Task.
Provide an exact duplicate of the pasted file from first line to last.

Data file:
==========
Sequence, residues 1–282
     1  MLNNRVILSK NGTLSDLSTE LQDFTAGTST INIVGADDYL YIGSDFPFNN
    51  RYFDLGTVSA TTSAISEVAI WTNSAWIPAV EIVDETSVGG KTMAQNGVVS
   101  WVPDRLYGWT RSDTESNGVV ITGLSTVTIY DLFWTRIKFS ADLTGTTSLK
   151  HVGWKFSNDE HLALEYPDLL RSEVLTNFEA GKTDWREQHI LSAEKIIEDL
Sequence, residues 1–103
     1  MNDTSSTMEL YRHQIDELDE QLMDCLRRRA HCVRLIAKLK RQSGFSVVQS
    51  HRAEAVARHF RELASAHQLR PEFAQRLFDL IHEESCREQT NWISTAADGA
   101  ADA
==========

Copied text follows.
Sequence, residues 1–282
     1  MLNNRVILSK NGTLSDLSTE LQDFTAGTST INIVGADDYL YIGSDFPFNN
    51  RYFDLGTVSA TTSAISEVAI WTNSAWIPAV EIVDETSVGG KTMAQNGVVS
   101  WVPDRLYGWT RSDTESNGVV ITGLSTVTIY DLFWTRIKFS ADLTGTTSLK
   151  HVGWKFSNDE HLALEYPDLL RSEVLTNFEA GKTDWREQHI LSAEKIIEDL
Sequence, residues 1–103
     1  MNDTSSTMEL YRHQIDELDE QLMDCLRRRA HCVRLIAKLK RQSGFSVVQS
    51  HRAEAVARHF RELASAHQLR PEFAQRLFDL IHEESCREQT NWISTAADGA
   101  ADA